I have recently achieved “Meanest Mommy EVER” status (because I wouldn’t let the dear child wear sweats to church). One of my prouder moments actually. Usually, however, my girls lavish me with love and the words, “You’re the best mommy ever.” My heart thinks, No ladies, unfortunately I’m not even close, but thank you for telling me. Grandmommy is the best mommy ever.
There was one time, when I was five or six, I was really mad at Mom and I told my grandmother, “I wish I had a different mommy.” I thought for sure my grandmother would be on my side, but Grandmom wisely asked, “If you could choose another mom, who would it be?” When it was clear I couldn’t come up with an answer, she said, “There’s nobody better than your mom.” Grandmom never spoke any truer words.
Isn’t it funny how, at some undefinable point, you start seeing your parents not just as Mom and Dad, but as actual people with thoughts and feelings, dreams and fears? Somehow the lens of mommyhood shows me more clearly how hard life must have been at times for Mom while my brother, sister and I were growing up. My dad was in the Army most of our lives. He was sent to Viet Nam for a year right after I was born, leaving Mom with a three year-old son and a newborn—and a fairly fussy one, I hear. Thanks also to the Army, we had to move around a few times. Between my fourth and fifth grades, I went to four different schools within 365 days. Moving three times with three young kids, to a different state and then to another country? Seriously, how did she do that? On the positive side, we did get to live in Germany and I got to visit the folks several times when they had to suck it up in Hawaii.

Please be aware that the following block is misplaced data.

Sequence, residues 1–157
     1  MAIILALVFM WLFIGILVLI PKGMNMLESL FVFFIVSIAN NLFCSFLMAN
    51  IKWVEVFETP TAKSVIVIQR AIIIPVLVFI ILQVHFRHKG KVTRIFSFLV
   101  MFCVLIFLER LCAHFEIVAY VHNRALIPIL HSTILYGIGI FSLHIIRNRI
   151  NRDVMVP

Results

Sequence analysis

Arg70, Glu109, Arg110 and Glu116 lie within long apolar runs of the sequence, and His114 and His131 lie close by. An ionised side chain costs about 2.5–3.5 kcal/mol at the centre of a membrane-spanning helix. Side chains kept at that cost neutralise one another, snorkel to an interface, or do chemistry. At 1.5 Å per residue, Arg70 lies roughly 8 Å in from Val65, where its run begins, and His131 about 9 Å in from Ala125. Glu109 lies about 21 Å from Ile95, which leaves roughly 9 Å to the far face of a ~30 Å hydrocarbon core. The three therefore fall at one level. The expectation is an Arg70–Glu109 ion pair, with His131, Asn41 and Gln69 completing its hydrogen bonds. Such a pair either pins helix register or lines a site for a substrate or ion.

Looking back, one thing I really admire is how she and my dad handled the problem of my failing kidneys. They let me live my life and never told me I couldn’t do anything because of my medical condition (they certainly said no for other reasons). They gave me the freedom to be me, to try what I wanted, to work, to travel without them, to go out and have fun with my friends, to go away to college, make decisions—including some really important ones about my medical care. They didn’t overprotect or smother me because I was sick. How were they able to give me that kind of love? The way they handled my illness did not allow my natural shyness to turn into a complete fear of living. They taught me to live through difficult times. It has been a lesson that has served me well many times over.
Last year at about this time, my sister and I went to visit my parents. We went with them to meet with Mom’s doctor. As suspected, the pancreatic cancer had returned, but spread. “Statistically”, the doctor told us, she had roughly six months to live whether she received treatment or not. It was the most difficult thing I have ever had to hear. The problem, other than the prognosis, was that she didn’t look, sound or act sick at all. There was no way for my brain to piece together what I was seeing and what I was hearing.
Thank the Lord, she is still with us and doing pretty well, amazing her doctor who calls her the “mysterious woman”. Unfortunately, there are times when she is in much pain, but she continues to handle this illness like everything else she has faced in life—with much grace. She is a woman of great strength and courage, yet gentle and kind. She has an adventurous spirit but is a calming presence. She is a beautiful woman who has given me a wonderful example of how to go through life.
There is nobody better than my mom.
Her children stand and bless her. Her husband praises her: “There are many virtuous and capable women in the world, but you surpass them all!” Charm is deceptive, and beauty does not last; but a woman who fears the LORD will be greatly praised. Reward her for all she has done. Let her deeds publicly declare her praise. Proverbs 31:28-31